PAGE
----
U.S. banking system update: What are the potential implications for Fed policy?
- Programs announced by the U.S. government in response to the failures of SVB and Signature Bank should help limit systemic risk in the banking system
- The near-term outlook for the Federal Reserve’s interest rate policy is extremely uncertain
- We believe that a 50-basis-point Fed hike in March is now extremely unlikely
My colleague Erik Ristuben put out a comprehensive article about how to interpret the stresses in the U.S. banking system. Today’s report updates what we learned in the last 24 hours and broadens the discussion to consider what recent developments mean for U.S. Federal Reserve (Fed) policy going forward.
To reiterate Erik’s key points:
- Silicon Valley Bank (SVB) was unusually exposed due to its concentrated deposit base—venture tech companies—and a badly managed long duration Treasury portfolio
- The U.S. government announced a forceful response to the failures of SVB and Signature Bank on Sunday, including:
- Full protection of all insured and uninsured deposits at the failed banks; and
- A new Bank Term Funding Program (BTFP) at the Federal Reserve which allows financial institutions to access liquidity at the central bank instead of crystallizing losses on their hold-to-maturity Treasury portfolios. Importantly, this program allows the banks to post their Treasuries as collateral at par—not at currently discounted market prices.
- Collectively, these programs are designed to slow the outflow of deposits from regional banks and to provide a liquidity backstop for those banks that remain under pressure. In our view, this should help limit systemic risk in the banking system.
How did markets react to the U.S. government’s response?
U.S. equities swung from gains to losses to gains and back again in volatile trading. As of the Monday close in New York, the S&P 500 Index ended the day down by a whisker—15 basis points (bps). However, bank shares remained under significant pressure.
As Erik emphasized yesterday, bank exposures vary wildly from one institution to the next and the more vulnerable banks were going to be scrutinized by the market. Social media images from Saturday, which showed customers lined up outside of First Republic Bank, stoked concerns of a run on that bank among investors. For some context, First Republic is another Bay Area bank with an outsized share of large, commercial deposits. Western Alliance—the parent company of Bridge Bank in the Bay Area—also suffered a significant drawdown on the day.
Meanwhile, U.S. government bond yields fell sharply amid flight-to-safety flows and a recalibration of monetary policy expectations, with the 2-year and 10-year Treasury yields declining by 59 bps and 15 bps, respectively, on Monday. The near-term outlook for the Federal Reserve’s interest rate policy is extremely uncertain. Ironically, this rally in Treasuries is actually good for bank balance sheets as it cuts the losses of the rate rises over the last year versus last week.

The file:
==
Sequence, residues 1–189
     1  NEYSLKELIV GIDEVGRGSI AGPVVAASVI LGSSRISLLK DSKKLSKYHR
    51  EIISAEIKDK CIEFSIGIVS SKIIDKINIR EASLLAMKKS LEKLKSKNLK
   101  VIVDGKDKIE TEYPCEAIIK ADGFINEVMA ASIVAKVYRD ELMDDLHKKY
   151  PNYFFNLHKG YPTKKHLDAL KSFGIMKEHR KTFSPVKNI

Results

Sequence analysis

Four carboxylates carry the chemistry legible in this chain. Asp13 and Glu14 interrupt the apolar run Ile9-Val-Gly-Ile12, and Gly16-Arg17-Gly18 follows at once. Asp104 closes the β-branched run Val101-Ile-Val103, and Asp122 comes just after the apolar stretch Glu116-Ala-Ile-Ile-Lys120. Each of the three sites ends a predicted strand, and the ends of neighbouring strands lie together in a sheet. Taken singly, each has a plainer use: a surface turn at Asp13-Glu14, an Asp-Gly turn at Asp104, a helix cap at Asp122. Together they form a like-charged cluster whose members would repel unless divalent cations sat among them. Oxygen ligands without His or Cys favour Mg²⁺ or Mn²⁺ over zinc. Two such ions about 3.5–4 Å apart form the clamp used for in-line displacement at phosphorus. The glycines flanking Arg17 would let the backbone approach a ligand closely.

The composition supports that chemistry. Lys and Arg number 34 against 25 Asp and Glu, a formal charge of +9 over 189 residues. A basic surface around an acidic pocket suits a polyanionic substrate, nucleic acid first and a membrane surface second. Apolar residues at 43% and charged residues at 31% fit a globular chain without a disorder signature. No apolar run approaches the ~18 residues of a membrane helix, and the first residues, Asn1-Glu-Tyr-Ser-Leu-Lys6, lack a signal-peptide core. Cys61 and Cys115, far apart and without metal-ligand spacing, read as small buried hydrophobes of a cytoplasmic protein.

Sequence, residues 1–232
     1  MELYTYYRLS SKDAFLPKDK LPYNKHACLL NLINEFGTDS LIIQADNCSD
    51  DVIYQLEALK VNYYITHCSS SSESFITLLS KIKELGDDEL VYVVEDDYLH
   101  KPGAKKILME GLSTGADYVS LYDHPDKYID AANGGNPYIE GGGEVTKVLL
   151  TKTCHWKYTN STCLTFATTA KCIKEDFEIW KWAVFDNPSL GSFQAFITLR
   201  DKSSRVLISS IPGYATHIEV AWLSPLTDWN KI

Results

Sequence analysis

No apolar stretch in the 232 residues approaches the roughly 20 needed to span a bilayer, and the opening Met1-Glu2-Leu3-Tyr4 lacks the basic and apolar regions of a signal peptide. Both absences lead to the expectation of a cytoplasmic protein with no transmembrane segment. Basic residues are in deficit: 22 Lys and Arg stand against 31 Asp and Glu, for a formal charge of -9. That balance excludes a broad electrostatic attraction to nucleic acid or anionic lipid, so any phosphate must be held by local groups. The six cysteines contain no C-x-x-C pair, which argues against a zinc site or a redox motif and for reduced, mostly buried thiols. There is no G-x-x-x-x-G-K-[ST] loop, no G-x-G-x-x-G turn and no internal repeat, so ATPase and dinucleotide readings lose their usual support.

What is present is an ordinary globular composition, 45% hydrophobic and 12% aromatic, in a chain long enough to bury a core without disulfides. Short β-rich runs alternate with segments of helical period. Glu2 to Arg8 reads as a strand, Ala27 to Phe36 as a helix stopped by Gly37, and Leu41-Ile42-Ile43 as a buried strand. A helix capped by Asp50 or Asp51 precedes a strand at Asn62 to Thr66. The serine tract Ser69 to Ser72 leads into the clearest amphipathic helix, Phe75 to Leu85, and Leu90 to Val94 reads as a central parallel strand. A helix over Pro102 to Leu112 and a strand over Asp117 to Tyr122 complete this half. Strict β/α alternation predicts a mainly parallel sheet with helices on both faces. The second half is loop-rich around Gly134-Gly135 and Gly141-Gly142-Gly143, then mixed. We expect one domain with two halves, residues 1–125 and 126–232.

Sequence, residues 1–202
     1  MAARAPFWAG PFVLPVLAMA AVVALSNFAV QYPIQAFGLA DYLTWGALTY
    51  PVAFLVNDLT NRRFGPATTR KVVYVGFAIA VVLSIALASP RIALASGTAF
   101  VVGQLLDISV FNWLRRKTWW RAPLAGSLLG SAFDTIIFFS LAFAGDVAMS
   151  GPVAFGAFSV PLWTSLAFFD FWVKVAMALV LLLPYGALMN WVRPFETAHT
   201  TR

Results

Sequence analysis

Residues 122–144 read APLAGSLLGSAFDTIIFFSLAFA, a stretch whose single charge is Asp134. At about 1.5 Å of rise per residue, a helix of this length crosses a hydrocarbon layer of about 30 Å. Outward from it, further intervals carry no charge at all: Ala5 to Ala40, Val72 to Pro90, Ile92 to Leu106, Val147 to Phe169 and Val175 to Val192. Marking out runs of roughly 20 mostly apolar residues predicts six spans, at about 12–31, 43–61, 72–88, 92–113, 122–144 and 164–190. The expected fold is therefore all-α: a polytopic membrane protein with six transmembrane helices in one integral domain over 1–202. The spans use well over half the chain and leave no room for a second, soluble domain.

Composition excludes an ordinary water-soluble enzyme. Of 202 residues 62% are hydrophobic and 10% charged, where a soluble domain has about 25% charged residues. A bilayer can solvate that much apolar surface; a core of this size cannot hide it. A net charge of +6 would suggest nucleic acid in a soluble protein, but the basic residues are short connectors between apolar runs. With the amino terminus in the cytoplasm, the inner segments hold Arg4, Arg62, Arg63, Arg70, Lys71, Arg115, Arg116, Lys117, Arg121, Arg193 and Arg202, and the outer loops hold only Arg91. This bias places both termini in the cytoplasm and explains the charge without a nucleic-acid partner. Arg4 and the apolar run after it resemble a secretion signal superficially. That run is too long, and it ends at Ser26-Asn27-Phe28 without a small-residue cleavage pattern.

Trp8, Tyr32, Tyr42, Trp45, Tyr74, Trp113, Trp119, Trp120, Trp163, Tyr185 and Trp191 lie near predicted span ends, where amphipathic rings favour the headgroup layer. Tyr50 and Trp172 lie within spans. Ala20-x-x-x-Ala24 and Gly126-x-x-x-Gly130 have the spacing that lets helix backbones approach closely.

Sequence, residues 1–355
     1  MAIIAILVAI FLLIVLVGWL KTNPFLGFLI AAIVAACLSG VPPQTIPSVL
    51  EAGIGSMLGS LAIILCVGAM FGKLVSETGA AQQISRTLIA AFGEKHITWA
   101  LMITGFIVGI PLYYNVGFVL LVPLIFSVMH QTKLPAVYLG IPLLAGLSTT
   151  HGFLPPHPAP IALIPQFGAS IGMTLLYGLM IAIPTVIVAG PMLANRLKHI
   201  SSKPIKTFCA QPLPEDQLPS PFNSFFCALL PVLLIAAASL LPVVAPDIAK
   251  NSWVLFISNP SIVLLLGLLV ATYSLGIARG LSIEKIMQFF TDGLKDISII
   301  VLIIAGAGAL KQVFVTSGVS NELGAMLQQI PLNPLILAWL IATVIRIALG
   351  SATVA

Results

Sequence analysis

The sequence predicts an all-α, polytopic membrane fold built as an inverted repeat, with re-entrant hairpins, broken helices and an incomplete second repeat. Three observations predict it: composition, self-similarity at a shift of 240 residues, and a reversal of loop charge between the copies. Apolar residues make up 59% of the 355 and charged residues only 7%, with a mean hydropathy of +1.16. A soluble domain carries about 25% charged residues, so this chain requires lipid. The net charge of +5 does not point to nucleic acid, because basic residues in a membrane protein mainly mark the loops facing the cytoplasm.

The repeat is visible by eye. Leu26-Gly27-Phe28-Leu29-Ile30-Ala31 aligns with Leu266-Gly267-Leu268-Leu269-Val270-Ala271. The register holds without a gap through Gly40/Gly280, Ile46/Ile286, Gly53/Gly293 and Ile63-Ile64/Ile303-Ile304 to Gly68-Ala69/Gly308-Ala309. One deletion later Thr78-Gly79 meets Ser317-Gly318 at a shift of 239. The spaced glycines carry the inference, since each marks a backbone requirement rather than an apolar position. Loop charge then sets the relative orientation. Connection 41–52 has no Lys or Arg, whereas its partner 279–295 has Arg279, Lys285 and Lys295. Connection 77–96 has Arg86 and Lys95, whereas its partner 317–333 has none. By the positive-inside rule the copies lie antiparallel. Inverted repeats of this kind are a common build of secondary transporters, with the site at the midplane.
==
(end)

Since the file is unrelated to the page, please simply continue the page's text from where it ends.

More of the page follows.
50-bps Fed rate hike next week now appears very unlikely
Arguments in favor of further rate hikes include an overheated labor market, an inflation overshoot and prevailing Fed guidance that “the historical record cautions strongly against prematurely loosening policy.” On the other hand, leading economic indicators are slowing and a few U.S. banks just failed.
We argued back in February that additional rate increases were no longer necessary. That view looked like it was in right field as chatter of a 50-basis-point hike in March intensified around Powell’s congressional testimony last week. It’s more mainstream now. Ultimately, the March decision will be up to Powell and the Federal Open Market Committee, not us. While the situation is fluid with an important inflation release tomorrow morning, our expectation is that a 50-basis-point hike in March is now extremely unlikely.
The relevant question for markets has refocused to whether the Fed will hike again, or not. That decision will likely hinge on the inflation data and whether the Fed can build confidence that its backstops for the banking system are working. Our baseline is that the backstop measures will prove effective, and the Fed will choose to deliver a 25-basis-point hike next week. But it is a close call for March, in terms of whether there is any hike at all. Either way, market pricing has downshifted notably in recent days toward our more dovish view. This repricing has been favorable for our tactical preferences within U.S. fixed income markets for duration and curve steepeners.
Source: Refinitiv. March 13th 2023.
The bottom line
This episode is another useful reminder that the Fed has raised rates very sharply in a very short period of time and the full effects of its actions can take time to show up on the real economy. We will continue to keep you apprised of the latest developments.